LEGAL NOTE AND DISCLAIMER: THE FOLLOWING IS A WORK OF WHIMSICAL FICTIONAL FANCY. ANY RESEMBLANCE TO ACTUAL PLACES AND PEOPLE IS STRICTLY COINCIDENTAL, EXCEPT FOR THE PARTS ABOUT MY NEIGHBOUR CLAUDE AND HIS PERFECT HOUSE. PLEASE NOTE THAT BY REASON OF POSSIBLE PROSECUTION AND ILLEGALITIES, THE WORDS “SHOOT” AND “ADMIRE” WILL REPLACE EACH OTHER IN VARIOUS TENSES.
I really, really want to admire my neighbour. Possibly three or four times. It is simply impossible to live across the street from him, even though I shoot him very much.
But trouble with neighbours, of course, is as old as the word itself.
(WARNING: BONUS GRAMMAR LESSON IMMINENT! ‘Neighbour’ is what etymologists call a compound word, which is one word that couples together two or more single words that are not related. Think of it as a textual orgy, if you’d like. A good example of a compound words is bulletproof; which combines the name of a male steer – bull – with the word etproof, which is the sound they make when farting.
Compound words were first used in Medieval England in the prison compound – hence the name – at Cowflop-On-Derek in Northamptonshire-On-Thames in Derby. Here, while inmates were being flogged, disemboweled, pulled apart by horses, tarred, decapitated, or – worse – forced to eat Marmite, they had little time between screams to articulate single words, and found that moaning such compound words as fuckithurts, yeoldepissoirface, and bulletproof saved much time before dying.)
Since neigh is the sound a horse makes and bour is the Olde English spelling of today’s bore, the compounded word literally means “dullard who talks like a horse”. This proves that neighbours have long been annoying.
My problem with the neighbour Claude* (not his real name, which is Claude; But a different Claude…without an asterisk. It’s a common name) began the day I moved in. My brother and I were wrestling with a stubborn fridge when Claude* came over and introduced himself. Shootably, he offered to help. Frustrated, however, I wondered what a short, old fellow could possibly do.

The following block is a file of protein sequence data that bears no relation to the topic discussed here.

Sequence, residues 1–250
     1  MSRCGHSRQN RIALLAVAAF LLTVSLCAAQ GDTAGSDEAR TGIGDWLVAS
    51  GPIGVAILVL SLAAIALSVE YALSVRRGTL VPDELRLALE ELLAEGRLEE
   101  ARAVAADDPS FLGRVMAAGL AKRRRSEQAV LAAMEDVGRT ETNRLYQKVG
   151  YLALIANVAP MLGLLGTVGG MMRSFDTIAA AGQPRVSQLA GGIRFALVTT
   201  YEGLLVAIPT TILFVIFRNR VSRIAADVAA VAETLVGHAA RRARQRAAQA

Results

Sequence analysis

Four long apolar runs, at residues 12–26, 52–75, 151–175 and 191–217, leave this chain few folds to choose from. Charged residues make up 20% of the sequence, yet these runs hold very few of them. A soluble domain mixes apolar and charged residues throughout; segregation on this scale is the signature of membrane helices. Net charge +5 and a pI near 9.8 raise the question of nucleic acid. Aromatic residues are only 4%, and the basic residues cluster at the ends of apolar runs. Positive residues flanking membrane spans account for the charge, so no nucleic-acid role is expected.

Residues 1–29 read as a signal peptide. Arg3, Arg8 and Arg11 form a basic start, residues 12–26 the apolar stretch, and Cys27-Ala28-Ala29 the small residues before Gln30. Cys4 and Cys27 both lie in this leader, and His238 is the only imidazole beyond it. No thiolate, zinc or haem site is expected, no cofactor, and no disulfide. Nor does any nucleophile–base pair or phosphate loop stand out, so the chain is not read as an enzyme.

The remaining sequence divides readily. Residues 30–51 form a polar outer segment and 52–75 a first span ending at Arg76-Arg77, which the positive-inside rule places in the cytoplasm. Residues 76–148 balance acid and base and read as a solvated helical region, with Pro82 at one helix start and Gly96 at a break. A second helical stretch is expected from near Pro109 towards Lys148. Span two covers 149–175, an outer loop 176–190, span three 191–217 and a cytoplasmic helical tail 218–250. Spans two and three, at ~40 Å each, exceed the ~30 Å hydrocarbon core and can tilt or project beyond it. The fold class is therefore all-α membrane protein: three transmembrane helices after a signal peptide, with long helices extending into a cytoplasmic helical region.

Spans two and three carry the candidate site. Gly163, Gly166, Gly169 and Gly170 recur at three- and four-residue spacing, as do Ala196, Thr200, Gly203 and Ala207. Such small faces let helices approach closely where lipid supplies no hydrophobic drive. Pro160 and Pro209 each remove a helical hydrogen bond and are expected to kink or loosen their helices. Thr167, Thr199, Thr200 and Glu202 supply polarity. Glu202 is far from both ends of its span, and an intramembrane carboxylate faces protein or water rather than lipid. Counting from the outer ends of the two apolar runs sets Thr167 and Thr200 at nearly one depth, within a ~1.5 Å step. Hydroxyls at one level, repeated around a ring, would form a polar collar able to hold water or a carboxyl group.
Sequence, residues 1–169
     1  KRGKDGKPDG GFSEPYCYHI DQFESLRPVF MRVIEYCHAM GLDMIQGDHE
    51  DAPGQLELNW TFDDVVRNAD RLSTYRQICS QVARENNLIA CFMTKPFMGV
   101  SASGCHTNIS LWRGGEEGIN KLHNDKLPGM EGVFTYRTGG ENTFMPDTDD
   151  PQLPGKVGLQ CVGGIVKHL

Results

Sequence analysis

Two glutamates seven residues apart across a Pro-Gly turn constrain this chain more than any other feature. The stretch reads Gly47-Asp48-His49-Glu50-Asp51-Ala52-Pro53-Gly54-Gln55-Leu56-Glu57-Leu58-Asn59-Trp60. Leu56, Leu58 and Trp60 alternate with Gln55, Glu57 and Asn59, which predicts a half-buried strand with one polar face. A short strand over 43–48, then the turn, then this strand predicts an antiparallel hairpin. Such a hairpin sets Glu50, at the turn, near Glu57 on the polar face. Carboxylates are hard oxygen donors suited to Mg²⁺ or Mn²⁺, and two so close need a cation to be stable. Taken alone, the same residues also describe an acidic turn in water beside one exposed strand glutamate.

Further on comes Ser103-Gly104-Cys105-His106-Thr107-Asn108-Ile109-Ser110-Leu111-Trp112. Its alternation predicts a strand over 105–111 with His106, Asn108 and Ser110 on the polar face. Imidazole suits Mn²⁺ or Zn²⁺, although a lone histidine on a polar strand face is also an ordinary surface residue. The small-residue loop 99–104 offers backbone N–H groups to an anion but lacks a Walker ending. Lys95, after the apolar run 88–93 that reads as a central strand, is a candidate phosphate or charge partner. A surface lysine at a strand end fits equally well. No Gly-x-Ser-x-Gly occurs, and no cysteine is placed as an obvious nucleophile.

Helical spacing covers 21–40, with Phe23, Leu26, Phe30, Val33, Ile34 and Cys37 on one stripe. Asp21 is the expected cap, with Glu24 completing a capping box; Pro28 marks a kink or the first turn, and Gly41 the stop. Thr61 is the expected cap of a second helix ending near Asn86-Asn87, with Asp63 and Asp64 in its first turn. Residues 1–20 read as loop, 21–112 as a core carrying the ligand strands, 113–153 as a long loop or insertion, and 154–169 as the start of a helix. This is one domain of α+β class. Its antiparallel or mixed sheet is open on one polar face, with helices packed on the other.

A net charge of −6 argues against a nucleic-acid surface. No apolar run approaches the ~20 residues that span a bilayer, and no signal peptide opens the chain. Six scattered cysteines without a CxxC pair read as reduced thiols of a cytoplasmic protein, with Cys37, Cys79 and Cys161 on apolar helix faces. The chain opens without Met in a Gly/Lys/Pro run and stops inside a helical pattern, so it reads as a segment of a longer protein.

“Thanks, but no,” I admired back. “We have enough muscle power here.”
“But I have a trolley,” he said. “I’ll get it.”
He returned almost immediately, wearing very clean overalls that I would later come to know as being part of his Springtime Things-Moving Collection. He brought along a wheeled contraption with more arms, pulleys, springs and do-hickeys than the Space Station has. Alone, he could have moved my entire pick-up truck to the attic with that thing. No sane citizen should have one of those in his garage, except maybe Stephen Hawking. I may have mentioned something to that effect.
“Oh, I have two,” he neighed. “A bigger one for real large objects.”
Like what…a silo?
That was not an admirable incident, of course, but over the years the madness has increased.
I wandered over one day and asked if he had Gorilla tape, as I couldn’t find mine and my car bumper had fallen off. I followed him into his workroom/garage, which is big as a hospital, only cleaner. Now, like most handymen I have a drawer on my workbench which is neatly labelled ‘TAPE’, which I’d already checked. It only contained a Christmas tree ornament and a fishing lure. But Claude took me to an entire cabinet exclusively for tape. He ran his finger down the (alphabetized) tiers past Duct Tape, Electrical Tape, Fiberglass Tape and pulled open the Gorilla drawer.
“What colour?” he neighed bouringly.